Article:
By March 6, 2023
Spring is when many people suffer eye irritation due to pollen and dust allergies from budding plants and windy weather. Although we may not think of using acupuncture when it comes to improving eye health, Traditional Chinese Medicine studies show how acupuncture can not only relieve eye discomfort but even treat diseases such as glaucoma. By treating the whole body with acupuncture and TCM, many eye and vision problems can be lessened.
In Traditional Chinese Medicine, acupuncture is used to get the Qi flowing freely along the body’s meridians for optimal health. If our Qi (immune system) is strong, we can do a better job of warding off external causes of eye irritation and disease.
6 Environmental Sources and Eye Symptoms
- Heat – Causes swelling, inflammation, redness (pink eye)
- Cold – Slowly causes sharp pain and vision loss (macular degeneration and glaucoma)
- Wind – Sudden onset of vision loss
- Dampness – Slowly causes swelling and mucus secretion
- Dryness – Causes itchy and red dry eyes
- Summer Heat – Causes inflammation and mucus secretion
Many of these environmental irritants are related to the seasons and are more common during the seasonal change. They can enter the body through the mouth, nose, skin, or the meridians and can cause damage to the eyes and even vision loss.
Wind and heat are usually acute eye problems that are related to Yang conditions of the eyes. Wind is the swift change and sudden onset of symptoms while Heat is in the redness of the inflammation. Dampness and coldness are related to the Yin conditions of the eyes. Cold means poor circulation to the eyes resulting in disease. This is why acupuncture can help with macular degeneration and glaucoma by helping to improve the circulation of the blood to the eye along with the Qi throughout the body.
Eye Treatment with Acupuncture
Of the 12 meridians throughout our bodies, the liver meridian is seen as the opening to the eyes and the main energy flow for healthy eyes and vision. In Traditional Chinese Medicine, all internal organs nourish eye health and all meridians either run through the eyes or can affect vision if out of balance.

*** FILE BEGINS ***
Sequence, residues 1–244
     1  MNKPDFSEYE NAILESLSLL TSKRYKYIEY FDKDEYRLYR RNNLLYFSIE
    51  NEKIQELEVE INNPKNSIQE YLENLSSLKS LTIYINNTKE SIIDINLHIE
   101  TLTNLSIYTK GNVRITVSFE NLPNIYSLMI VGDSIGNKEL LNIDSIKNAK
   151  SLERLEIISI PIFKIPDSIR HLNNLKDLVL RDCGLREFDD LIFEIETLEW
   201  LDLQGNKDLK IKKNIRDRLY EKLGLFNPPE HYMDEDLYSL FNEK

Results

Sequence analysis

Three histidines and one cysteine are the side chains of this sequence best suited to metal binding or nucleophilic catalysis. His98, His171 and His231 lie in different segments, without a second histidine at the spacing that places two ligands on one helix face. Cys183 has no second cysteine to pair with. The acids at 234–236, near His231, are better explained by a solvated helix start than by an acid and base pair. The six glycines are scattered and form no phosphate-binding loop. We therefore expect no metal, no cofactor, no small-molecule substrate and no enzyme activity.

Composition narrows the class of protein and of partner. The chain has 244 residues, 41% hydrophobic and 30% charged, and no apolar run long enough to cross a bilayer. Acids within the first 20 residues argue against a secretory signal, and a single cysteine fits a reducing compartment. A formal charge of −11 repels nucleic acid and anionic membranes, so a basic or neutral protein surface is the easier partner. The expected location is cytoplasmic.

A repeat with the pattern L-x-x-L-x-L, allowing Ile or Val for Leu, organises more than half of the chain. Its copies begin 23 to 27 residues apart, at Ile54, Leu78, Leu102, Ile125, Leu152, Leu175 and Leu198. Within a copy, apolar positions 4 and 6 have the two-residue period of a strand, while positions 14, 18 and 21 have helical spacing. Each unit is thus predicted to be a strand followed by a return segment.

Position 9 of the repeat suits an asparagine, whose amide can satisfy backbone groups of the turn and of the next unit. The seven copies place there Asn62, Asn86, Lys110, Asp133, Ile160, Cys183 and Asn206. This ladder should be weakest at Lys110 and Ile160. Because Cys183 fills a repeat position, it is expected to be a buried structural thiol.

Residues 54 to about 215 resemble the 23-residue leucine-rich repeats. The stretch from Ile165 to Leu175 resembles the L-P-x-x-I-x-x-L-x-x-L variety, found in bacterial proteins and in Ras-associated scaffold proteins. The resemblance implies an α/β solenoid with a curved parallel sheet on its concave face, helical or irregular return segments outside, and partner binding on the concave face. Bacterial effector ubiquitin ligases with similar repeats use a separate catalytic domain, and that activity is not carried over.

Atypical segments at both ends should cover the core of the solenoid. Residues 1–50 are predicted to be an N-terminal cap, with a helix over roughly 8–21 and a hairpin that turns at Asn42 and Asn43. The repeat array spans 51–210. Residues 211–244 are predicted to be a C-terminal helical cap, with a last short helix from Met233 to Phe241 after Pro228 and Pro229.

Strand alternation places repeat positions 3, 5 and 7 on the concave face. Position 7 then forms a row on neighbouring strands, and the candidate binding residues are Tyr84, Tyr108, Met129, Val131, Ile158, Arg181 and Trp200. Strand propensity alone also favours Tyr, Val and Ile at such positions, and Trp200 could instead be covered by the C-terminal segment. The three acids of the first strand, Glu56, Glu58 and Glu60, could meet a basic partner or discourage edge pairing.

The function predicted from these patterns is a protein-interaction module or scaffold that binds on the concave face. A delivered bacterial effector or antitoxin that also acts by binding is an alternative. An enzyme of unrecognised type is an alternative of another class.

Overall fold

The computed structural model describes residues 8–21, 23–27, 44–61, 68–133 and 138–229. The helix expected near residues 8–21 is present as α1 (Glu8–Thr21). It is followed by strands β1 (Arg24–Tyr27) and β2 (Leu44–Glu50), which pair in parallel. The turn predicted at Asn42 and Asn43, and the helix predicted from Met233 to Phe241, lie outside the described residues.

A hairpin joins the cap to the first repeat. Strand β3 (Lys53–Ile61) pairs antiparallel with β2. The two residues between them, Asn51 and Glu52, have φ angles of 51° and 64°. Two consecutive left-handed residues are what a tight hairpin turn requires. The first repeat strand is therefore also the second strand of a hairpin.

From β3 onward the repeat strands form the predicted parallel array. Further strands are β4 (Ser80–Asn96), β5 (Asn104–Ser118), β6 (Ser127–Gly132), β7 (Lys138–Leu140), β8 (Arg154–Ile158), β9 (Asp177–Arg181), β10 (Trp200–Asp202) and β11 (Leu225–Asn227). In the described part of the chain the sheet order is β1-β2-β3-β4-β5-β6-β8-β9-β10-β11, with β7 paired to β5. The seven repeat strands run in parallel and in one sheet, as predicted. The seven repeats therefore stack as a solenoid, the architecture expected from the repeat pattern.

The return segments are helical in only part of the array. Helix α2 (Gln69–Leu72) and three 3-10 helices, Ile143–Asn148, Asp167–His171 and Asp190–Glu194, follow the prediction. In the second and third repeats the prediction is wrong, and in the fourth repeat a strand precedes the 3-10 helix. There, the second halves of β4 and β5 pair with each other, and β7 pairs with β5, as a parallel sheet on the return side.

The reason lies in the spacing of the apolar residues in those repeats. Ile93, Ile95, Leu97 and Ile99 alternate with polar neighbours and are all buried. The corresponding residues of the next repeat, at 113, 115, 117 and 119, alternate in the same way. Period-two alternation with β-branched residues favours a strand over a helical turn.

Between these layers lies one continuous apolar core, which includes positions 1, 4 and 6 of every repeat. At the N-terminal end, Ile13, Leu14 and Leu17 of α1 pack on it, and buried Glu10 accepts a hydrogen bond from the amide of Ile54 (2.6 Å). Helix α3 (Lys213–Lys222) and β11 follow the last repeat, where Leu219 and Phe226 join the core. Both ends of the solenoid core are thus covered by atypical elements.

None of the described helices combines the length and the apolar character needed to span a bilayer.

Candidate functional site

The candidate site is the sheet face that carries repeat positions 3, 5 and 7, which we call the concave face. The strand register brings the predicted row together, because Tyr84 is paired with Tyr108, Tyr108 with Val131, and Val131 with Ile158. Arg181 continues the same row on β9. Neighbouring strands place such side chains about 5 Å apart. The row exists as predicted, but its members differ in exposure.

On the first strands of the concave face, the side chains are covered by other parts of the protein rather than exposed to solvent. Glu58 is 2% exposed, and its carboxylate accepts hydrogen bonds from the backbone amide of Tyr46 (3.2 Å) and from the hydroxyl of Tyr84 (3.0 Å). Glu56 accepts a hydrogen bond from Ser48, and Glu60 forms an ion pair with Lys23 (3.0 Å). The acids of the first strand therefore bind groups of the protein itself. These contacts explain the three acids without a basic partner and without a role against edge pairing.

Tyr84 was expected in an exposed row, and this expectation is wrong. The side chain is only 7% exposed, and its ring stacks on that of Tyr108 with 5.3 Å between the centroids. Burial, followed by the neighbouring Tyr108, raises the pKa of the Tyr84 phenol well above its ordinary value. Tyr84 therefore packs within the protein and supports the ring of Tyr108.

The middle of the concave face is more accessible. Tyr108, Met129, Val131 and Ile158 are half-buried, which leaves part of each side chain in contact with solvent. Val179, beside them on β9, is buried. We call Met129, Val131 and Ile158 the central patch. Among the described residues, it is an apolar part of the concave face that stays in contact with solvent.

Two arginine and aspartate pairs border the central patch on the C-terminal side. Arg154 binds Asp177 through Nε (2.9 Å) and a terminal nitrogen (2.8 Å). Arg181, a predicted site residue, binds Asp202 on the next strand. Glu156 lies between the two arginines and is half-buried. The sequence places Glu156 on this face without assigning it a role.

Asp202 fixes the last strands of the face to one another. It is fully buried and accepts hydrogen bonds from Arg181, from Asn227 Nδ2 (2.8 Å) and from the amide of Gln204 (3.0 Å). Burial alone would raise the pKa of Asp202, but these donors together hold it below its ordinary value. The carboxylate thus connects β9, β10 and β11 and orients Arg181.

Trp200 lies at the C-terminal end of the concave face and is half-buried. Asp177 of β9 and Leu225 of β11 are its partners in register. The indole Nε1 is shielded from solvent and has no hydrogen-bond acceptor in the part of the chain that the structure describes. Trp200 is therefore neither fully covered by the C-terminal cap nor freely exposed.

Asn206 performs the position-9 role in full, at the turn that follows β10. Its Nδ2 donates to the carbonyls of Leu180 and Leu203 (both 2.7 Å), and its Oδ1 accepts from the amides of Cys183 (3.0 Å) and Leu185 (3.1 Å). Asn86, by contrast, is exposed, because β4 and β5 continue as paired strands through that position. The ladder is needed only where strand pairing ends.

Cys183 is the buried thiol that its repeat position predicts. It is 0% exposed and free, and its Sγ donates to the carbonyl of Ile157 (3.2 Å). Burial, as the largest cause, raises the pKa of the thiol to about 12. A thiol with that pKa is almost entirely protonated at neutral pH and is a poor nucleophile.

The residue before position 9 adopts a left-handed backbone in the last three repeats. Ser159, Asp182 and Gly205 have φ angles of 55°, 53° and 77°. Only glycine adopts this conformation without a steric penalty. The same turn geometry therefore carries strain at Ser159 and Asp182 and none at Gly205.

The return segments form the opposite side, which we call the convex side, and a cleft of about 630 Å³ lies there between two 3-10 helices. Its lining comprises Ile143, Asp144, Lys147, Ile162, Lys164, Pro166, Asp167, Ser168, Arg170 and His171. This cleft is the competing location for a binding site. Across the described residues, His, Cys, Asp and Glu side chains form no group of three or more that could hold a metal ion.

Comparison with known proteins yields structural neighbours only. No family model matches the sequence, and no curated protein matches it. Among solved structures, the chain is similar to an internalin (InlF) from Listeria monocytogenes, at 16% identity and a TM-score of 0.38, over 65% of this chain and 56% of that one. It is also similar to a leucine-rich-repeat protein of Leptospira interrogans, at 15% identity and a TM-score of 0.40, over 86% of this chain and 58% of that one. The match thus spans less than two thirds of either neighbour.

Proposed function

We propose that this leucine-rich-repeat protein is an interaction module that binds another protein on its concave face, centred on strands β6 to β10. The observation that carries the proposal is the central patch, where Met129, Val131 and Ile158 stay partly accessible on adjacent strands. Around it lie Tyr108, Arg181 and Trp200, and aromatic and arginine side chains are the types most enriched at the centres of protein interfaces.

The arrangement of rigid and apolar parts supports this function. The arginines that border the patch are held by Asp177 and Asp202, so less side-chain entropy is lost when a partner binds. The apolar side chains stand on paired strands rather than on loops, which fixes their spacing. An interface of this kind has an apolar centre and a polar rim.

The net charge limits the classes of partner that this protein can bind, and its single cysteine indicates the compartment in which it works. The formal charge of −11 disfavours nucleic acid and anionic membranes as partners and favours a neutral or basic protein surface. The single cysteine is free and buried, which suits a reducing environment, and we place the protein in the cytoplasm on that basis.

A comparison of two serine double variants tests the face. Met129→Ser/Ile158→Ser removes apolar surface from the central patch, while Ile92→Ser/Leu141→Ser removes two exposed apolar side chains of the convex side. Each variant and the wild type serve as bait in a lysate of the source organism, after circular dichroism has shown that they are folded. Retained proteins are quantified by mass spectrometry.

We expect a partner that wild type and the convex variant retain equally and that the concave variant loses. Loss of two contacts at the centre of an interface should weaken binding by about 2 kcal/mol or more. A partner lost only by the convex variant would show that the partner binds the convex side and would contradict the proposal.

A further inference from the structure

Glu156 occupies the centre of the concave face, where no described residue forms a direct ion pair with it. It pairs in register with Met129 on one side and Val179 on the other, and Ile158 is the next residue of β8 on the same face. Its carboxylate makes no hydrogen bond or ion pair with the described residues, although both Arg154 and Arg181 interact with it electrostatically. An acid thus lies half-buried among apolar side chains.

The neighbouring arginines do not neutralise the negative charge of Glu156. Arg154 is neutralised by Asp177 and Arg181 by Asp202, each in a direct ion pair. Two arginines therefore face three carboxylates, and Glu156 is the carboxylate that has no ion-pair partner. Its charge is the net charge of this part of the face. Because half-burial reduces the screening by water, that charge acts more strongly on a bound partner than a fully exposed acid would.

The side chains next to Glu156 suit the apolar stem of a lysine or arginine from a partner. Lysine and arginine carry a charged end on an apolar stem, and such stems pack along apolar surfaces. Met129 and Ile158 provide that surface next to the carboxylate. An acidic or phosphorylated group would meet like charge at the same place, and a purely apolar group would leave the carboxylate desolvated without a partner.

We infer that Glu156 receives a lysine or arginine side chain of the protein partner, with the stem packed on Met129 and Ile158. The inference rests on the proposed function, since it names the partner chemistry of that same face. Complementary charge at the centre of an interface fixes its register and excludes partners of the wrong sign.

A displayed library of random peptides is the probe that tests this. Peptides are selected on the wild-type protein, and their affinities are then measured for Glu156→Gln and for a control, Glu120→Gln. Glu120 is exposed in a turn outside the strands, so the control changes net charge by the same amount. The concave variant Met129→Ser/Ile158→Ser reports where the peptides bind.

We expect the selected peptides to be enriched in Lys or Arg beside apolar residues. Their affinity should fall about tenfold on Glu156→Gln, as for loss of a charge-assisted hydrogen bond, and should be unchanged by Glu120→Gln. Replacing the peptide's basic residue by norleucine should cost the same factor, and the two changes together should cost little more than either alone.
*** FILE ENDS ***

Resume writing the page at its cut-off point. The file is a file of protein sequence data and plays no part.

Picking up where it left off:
Primary Meridians within the Eyes
- Top Eyelid – Spleen
- Eye & Pupil – Kidneys
- Sclera – Lungs
- Retina – Kidneys and Liver
- Cornea & Iris – Liver
- Veins & Arteries – Heart
- Bottom Eyelid – Stomach
In acupuncture, we choose several of these meridians for treatment, often moving among them over a series of treatments. I will work with you as your symptoms improve or change to find the correct meridians to improve your eye health.
Acupuncture Points for Eye Treatment
- Jingming (UB-1) – Jingming translates as bright eyes and is in the inner corner of the eye. This point improves the flow of Qi and blood into the eyes to treat cataracts, glaucoma, night vision problems, pink eye, and blurry vision.
- Sizhukong (SJ 23) – In the hollow area on the outside part of the eyebrow. It is to treat eye and facial pain, headaches, redness, blurry vision, eye toothache, and facial paralysis (such as Bell’s Palsy.)
- Tongsilia (GB 1) – On the outside corner of the eye. This point brightens eyes and treats headaches, redness, eye pain, light sensitivity, dry eyes, cataracts, and pink eye.
- Yuyao – The middle of the eyebrow right above the pupil. This point treats eye strain & twitches, low hanging upper eyelids, cloudiness of the cornea, redness, and edema.
- Zanzhu (UB-s2) – The crease at the inner end of the eyebrow. This point treats headaches, blurry vision, pain, tearing, redness, eye twitches, and glaucoma.
TCM Herbs for Eye Treatment
In addition to acupuncture, TCM recommends Chinese herbs to treat different eye disorders and diseases. These herbs treat the internal organs and can help heal the eyes through their connection to them.
- Chan Tui (Cicada Moulting) – Clears redness and blurry vision in painful, swollen eyes
- Huai Hua Mi (Pagoda Tree Flower) – Treats dizziness and blurry vision due to liver heat
- Ju Hua (Chrysanthemum Flower) – Clears the Qi in the liver to relieve eye redness, tearing, and blurry vision
- Mi Menghua (Buddleia Flower Bud) – Treats light sensitivity and tearing
- Qing Xiang Zi (Celosia Seeds) – Treats painful red, swollen eyes and cataracts
- Qou Qi Zi (Wolfberry Fruit) – Helps Qi deficiencies in the liver and kidneys to treat blurred vision loss
- San Qi (Pseudiginseng Root) – Helps repair broken blood vessels and spots
Acupuncture as Part of Overall Eye Care
Small studies have shown the success of adding acupuncture to your eye care routine by successfully improving the symptoms of glaucoma, myopia, rhinitis, dry eyes, and age-related macular degeneration. Reach out today to schedule your appointment so we can assess your symptoms and set up an optimal treatment plan. Spring doesn’t have to mean red, painful eyes. Acupuncture may be the season-changing relief you’ve been looking for.
This information is for educational purposes only and is not intended to diagnose, treat or cure any disease or illness. Please consult your healthcare provider prior to the use of this product if you are pregnant, nursing, taking medications or have a medical condition. Individual results may vary.